Matthew Fisher four-for a tonic for Yorkshire – but they’re not safe yet

Yorkshire 80 for 3 (Lyth 44) trail Gloucestershire (Bracey 71, Fisher 4-45) by xx runs

The definition of optimism, as far as Yorkshire cricket is concerned, has been to gaze upon Matthew Fisher in full flow and say: “This time will be the one, this time the injuries will relent and finally an England bowler will arrive among us.”

Fisher has brought delight to the start and end of the Championship season with Gloucestershire the unfortunate victims on both occasions. The rest has been a familiar tale of MRI scans, rest and rehabilitation. He is 24 now, a fast-medium bowler whose time has come if only his body is up to the test.

At Headingley, in the last week of the season, he has returned, and book-ended his summer with 4 for 45. In his ability to draw bounce and movement from the surface, he was in a different league from any other bowler on view, even though he is limited to a strict number of overs in the game. Little more evidence will be needed for England to show interest again although, even as his return is celebrated, there will be worried looks at the slightest stretch or grimace.

Yorkshire are used to their best young players being requisitioned by England. Fisher just fits the pattern. His injuries certainly have little to do with over-bowling as Yorkshire have obsessively protected him for a decade and he has still bowled fewer than 1000 overs across all formats since his county debut, as a 15-year-old, when he became their youngest post-war cricketer.

Fisher’s return was an uplifting sight for Yorkshire, who are in a terrible run of five defeats in seven and who began the match still needing ten points to assure themselves of safety in the event that Warwickshire, who are second bottom, take maximum points from Hampshire’s visit to Edgbaston. In the last fortnight, after months of rehab, he has taken six wickets in a Roses second-team game and captained them to the 2nd XI Championship title.

All his wickets came in a devastating second spell of five overs from the Kirkstall Lane End. Ben Charlesworth and Miles Hammond nicked balls that seamed away, Chris Dent – a third left-hander in the sequence – dragged on trying to cover for such movement, and Ollie Price also fell in the slip cordon. Fisher was awarded his county cap before start of play. He is not the first to receive an England cap before a Yorkshire cap – they take pride in such oddities. Jonny Tattersall was similarly honoured, a reward for a dogged refusal to let his career fade away.

“It’s incredible that there’s more people who’ve played for England than there’s been caps for Yorkshire,” Fisher said. “I feel like I bowled wicket balls today rather than being consistent around an area. Being ultra-critical, we could have bowled them out for 150. But we’ll take it.”

Yorkshire are fielding the seam attack they envisaged at the start of the season with Ben Coad also fit once more. This is also a farewell for Steve Patterson, who has not been re-engaged, at 37, but whose return of 13-6-18-1 was another exemplary effort by a captain who has had to hold things together during one of the most controversial periods in Yorkshire’s history and who has done so with great diplomacy. He believes he is worthy of another contract and 36 wickets at 27s and a miserly economy rate of 2.40 does rather support his case, even if his speed is not about to excite a motorway speed camera. He deserves a better send-off than he is likely to receive in chill September weather from what on the first day was a markedly thin crowd.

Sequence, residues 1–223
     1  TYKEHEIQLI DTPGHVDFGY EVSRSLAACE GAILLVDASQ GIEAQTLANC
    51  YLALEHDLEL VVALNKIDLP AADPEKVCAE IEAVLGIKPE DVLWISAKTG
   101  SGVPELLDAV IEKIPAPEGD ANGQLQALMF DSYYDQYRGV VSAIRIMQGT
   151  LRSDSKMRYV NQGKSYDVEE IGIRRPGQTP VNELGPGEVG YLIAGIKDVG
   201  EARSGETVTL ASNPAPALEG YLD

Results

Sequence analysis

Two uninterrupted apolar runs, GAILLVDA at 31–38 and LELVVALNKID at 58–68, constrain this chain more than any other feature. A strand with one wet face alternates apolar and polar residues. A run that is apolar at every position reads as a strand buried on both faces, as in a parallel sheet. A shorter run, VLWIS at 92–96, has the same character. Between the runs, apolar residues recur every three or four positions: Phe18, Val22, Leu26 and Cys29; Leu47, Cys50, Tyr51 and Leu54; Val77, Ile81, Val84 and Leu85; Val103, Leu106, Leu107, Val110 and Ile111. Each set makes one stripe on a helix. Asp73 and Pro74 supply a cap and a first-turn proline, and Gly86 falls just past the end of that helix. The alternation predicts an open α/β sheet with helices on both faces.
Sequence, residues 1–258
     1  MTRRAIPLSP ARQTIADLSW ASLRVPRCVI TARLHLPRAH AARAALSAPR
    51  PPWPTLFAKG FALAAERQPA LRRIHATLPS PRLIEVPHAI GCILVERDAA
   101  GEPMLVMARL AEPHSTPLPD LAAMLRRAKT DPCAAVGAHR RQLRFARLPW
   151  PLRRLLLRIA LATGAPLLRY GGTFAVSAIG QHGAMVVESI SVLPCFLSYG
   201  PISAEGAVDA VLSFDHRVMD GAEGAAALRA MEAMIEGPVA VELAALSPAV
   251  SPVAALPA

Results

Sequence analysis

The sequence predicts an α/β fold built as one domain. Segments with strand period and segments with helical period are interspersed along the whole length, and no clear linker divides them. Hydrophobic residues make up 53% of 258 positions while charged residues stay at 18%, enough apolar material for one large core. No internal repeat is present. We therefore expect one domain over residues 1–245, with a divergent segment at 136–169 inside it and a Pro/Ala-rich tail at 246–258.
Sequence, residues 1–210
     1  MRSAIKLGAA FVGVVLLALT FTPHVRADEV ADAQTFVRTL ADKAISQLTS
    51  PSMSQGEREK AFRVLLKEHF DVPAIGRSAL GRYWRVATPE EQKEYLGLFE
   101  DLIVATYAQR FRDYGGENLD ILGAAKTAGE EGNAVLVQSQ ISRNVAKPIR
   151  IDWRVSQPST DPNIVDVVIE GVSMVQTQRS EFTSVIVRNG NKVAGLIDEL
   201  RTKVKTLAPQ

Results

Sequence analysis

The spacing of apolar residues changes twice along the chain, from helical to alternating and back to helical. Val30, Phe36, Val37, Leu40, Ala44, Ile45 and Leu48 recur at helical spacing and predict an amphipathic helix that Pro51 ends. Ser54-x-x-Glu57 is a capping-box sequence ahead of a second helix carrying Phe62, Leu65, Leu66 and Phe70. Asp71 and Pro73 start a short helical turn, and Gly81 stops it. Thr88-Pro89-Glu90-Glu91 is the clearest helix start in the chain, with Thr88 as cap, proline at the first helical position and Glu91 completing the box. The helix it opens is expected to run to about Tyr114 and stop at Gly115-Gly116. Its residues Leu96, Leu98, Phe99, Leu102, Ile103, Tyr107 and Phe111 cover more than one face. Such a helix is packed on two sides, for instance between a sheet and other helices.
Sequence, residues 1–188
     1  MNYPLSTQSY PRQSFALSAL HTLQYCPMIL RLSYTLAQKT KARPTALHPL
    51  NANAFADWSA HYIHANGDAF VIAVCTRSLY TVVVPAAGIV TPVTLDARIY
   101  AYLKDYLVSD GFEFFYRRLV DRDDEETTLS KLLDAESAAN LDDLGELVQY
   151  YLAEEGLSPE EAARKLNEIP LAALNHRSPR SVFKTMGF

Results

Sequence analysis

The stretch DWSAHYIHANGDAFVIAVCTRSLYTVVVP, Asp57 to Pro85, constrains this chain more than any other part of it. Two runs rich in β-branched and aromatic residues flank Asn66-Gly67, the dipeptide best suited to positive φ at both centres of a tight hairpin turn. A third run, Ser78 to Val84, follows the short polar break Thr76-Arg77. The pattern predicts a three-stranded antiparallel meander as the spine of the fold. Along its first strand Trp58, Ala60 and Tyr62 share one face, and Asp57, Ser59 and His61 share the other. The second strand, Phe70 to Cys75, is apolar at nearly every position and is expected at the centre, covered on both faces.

Yorkshire already have the bonus points they need in their attempts to secure a place in Division One, meaning a draw would now be more than enough, but draw pitches are a rarity in September if the weather stays fine and, even though Gloucestershire are already relegated, relegated sides do have the habit of playing relaxed cricket. Their mood was illustrated an hour or so before play when James Bracey and Hammond re-enacted on the Headingley square the final moments of England’s Ashes victory in 2019, not just Ben Stokes’ winning shot but Jack Leach’s drying of his spectacles.

Such dramatics certainly appeared to work for Bracey, who produced one of his best innings since he began the season with back-to-back hundreds against Northamptonshire, 71 from 112 balls at which point George Hill had him caught at the wicket off an inside edge. Hammond made nought. That’s showbusiness.

Yorkshire are far from safe from relegation yet, and that is bound to add to their frustration over Adam Lyth’s dismissal from what became the last ball of the day – a classic case of “whoops, we’d better get off for light before any more wickets fall”. The umpires had been studying their light meters when Tom Price, who took the season’s best figures against Warwickshire last week, made one snort off a length to have Lyth caught at third slip.

A long batting tail will add to their unease. Finlay Bean is absent with a finger injury and his replacement, James Wharton made a 27-ball duck which also included a reprieve against Ajeet Singh Dale when an edge was ruled to have fallen short of first slip; Singh got his man, lbw. George Hill has been one of Yorkshire’s most improved players, but his foot-fast drive at a wide one from David Payne was out of character for him, and beyond belief for a Yorkshire side trying to stave off relegation.

David Hopps writes on county cricket for ESPNcricinfo @davidkhopps


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